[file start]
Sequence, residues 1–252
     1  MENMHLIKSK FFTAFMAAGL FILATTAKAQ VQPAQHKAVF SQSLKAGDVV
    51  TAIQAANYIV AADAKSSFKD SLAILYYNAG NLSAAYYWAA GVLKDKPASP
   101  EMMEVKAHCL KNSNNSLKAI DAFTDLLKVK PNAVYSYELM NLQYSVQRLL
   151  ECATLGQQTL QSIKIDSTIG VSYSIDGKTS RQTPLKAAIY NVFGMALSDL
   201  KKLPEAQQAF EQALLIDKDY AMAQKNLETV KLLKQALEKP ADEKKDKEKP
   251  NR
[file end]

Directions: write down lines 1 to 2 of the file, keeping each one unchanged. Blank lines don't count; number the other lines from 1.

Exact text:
Sequence, residues 1–252
     1  MENMHLIKSK FFTAFMAAGL FILATTAKAQ VQPAQHKAVF SQSLKAGDVV